Chicago readers may have heard about a brand new personal breathalyzer by the name of BACtrack. As Mark McDermott notes in a recent blog post, BACtrack is the most compact version yet of a personal breathalyzer, and is bound to catch the interest of those who frequently go out to drink but who want to avoid driving illegally.
A Highland Park woman who was convicted of aggravated DUI in connection with an incident in 2012 was unable to have her conviction reversed at the request of her attorney. The 19-year-old was convicted in May of intentionally inhaling a keyboard cleaning chemical, getting behind the wheel and crashing into a family. As a result of the crash, a little girl died.
A Chicago teenager was charged earlier this month in connection with an accident that left a construction worker dead. The 19-year-old, according to prosecutors, drove into a construction site, killed a worker and injured two of his own passengers. He has been charged in connection with felony reckless homicide, aggravated DUI, and other offenses.
This week, the U.S. Supreme Court issued a decision that will strengthen privacy protections for those arrested while carrying a cellphone. As readers know, cellphones—particularly of the smart variety—provide users access to an abundance of information. The ability of these phones to store so much information often makes them valuable resources for law enforcement to tap in conducting criminal investigations. A growing problem with this, though, has been to set limits to searches of cell phones.
Though most law enforcement officers will perform their duty when it comes to upholding the law, not all of them prove to be so diligent. One Sheriff in a neighboring state drove through a stop sign and crashed into a woman's vehicle. The 25-year-old woman broke her neck in four places and is looking at medical expenses that could exceed $1 million.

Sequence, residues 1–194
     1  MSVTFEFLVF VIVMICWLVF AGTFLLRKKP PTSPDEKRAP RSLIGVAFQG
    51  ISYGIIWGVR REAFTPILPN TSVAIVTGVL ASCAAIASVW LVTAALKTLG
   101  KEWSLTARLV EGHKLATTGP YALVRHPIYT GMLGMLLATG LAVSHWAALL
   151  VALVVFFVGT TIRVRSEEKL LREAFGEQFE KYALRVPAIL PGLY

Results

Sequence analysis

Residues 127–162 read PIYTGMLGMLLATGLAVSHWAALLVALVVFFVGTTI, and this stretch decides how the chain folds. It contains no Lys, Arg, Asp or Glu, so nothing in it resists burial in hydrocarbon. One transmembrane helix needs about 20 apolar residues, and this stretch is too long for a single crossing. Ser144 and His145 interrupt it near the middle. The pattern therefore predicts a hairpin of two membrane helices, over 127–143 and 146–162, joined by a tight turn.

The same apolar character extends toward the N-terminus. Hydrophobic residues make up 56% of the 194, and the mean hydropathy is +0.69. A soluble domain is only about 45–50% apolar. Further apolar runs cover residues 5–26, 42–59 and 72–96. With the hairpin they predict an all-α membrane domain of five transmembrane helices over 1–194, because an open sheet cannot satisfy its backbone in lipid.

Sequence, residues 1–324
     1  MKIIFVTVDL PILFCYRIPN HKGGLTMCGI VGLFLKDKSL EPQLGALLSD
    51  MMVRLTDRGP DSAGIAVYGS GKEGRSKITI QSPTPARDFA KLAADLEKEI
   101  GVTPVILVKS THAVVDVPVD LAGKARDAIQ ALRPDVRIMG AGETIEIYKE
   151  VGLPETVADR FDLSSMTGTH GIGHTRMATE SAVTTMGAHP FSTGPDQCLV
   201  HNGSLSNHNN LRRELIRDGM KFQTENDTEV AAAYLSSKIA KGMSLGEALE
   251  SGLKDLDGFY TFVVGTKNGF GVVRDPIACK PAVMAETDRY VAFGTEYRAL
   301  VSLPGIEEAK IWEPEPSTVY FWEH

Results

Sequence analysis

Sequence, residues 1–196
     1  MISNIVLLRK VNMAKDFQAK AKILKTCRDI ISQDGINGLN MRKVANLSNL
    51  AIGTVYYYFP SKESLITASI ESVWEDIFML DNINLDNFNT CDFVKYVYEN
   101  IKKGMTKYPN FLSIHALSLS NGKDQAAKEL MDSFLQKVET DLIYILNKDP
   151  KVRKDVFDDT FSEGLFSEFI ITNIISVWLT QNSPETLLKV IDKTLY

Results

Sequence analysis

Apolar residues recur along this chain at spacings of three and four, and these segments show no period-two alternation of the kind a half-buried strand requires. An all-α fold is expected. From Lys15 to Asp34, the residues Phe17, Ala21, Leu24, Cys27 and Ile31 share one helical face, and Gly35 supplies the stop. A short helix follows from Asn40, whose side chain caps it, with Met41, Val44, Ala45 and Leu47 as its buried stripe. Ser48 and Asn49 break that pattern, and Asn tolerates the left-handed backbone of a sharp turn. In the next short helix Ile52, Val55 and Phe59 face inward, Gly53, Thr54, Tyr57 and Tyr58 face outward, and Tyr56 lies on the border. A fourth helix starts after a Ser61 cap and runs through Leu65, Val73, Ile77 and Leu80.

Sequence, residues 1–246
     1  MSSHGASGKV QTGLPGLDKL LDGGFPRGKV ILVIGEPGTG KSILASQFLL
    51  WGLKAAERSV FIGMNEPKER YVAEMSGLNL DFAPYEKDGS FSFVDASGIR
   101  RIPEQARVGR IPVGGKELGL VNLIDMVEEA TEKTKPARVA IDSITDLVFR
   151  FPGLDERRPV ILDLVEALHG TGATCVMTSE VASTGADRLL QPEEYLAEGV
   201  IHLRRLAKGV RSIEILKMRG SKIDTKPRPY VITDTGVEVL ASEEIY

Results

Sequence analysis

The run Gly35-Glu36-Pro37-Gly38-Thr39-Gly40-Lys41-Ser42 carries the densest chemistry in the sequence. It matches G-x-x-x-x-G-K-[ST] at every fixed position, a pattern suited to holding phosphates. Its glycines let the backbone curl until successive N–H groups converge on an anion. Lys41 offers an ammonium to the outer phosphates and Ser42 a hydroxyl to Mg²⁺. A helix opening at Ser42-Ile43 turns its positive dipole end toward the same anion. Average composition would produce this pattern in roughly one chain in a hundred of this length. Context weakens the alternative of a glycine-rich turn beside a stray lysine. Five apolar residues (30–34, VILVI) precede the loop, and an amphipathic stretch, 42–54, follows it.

Individuals that are pulled over for suspected drunken driving are entitled to protection against unreasonable privacy because of language contained in the Fourth Amendment of the United States Constitution. And because of this amendment, just how far police officers can go when enforcing laws meant to decrease the amount of drunken driving on the road was recently addressed by the U.S. Supreme Court.
Many people will be watching the big game this Sunday with football staples such as brats and beer; however, too many of the latter could cause a person to end up in serious trouble with the law.
A woman who was arrested on charges of drunk driving in Illinois said she faced a series of abuses after she was taken into custody. In fact, video cameras at the jail corroborate the fact that the woman was subjected to an unnecessary strip search while she was at the LaSalle County Jail. The woman is shown being pulled into her cell, thrown on the ground and forcibly stripped by correctional officers. While she is laying on the floor, crying, a door opens minutes later and a pile of blankets are thrown into the cell.